Experience It Yourself!

Annoyingly I haven’t been able to do this garden anywhere near justice with my photography skills. It is spectacular in a way that will make your heart miss a beat, so I urge you to go and see it for yourself and experience the mastery of an exceptionally well planned garden.

Next Week It’s Plant Time

In the next blog post we will take a detailed look at what made the planting so effective in this garden. We’ll also discuss how you can create great planting schemes in your garden.

Attend one of our FREE Fast Track Garden Design online classes to learn more…

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How To Give Your Garden A Makeover This Autumn

How You Can Improve Your Garden Now

Gardens should be for sitting in and relaxing. That’s certainly my motto. A nice garden is one of the most relaxing places to be on a nice sunny day. But nice gardens don’t happen by accident, they need to be planned properly.

Now is the perfect time to start thinking about how you can improve your garden. Some people prefer to think about their garden only in the Spring. However, I think the perfect time to to be planning your garden is right now.

Now is when it’s fresh in your mind which bits of your garden worked and which bits didn’t. You’ve spent the summer using your garden, maintaining what is there and trying to get the best from it. Now is the time to make it fantastic for next summer, so all you have to do is sit back and relax in your favourite comfy chair.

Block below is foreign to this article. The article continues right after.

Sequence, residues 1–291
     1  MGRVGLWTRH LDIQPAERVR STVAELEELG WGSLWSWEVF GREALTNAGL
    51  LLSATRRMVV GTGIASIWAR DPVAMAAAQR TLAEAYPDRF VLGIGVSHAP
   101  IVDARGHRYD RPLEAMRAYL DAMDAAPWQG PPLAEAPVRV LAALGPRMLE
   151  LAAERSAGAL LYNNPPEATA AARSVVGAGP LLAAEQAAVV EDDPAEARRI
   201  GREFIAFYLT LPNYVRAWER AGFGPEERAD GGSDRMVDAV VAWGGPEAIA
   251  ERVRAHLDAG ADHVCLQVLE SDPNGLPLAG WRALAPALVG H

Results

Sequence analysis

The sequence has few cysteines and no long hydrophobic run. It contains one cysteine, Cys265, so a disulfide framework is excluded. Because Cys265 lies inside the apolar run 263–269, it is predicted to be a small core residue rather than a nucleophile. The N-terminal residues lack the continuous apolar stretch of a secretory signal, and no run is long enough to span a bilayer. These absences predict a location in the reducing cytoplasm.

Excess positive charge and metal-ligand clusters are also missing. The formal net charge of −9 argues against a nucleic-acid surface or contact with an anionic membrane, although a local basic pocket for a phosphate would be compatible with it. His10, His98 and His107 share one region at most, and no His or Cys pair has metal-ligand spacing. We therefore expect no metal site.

Where To Start?

Grab a pen and paper and jot down your answers to the following questions:

  1. Which bits of your garden didn’t look good this year?
  2. Why didn’t those areas look good?
  3. What can you do now to improve it?

1 Which Bits Of Your Garden Didn’t Look Good?

It might be that there’s just a few gaps in your planting border that can be easily fixed by a trip to a local garden centre to see what is looking good now. If it’s more than just a lack of plants, then you need to take a look at the shape of your garden.

2 Why Didn’t Those Areas Look Good?

It all comes down to shape. Not the external shape of your garden, but the internal shapes you’ve created. The lawn and patio areas are the most critical to get right. The mistake most people make is to put things here and there in the garden, the lawn then becomes an odd shape to accommodate new features. It should be the other way round. The lawn and patio shapes should be the most important shapes to get right and the areas that are left to make the planting beds and areas that features can go.

3 What Can You Do Now To Improve Your Garden?

Reshaping your lawn so that it is a coherent shape will work absolute wonders for your garden. As simple as it is by just reshaping your lawn, it can bring amazing results. That’s assuming of course you get the right shape!

The Key To Success

Keep it simple. Simple geometric shapes work best, especially in small gardens. Larger gardens can lend themselves to free-flowing curved shapes, but even these need to work as a whole entity.

Attend one of our FREE Fast Track Garden Design online classes…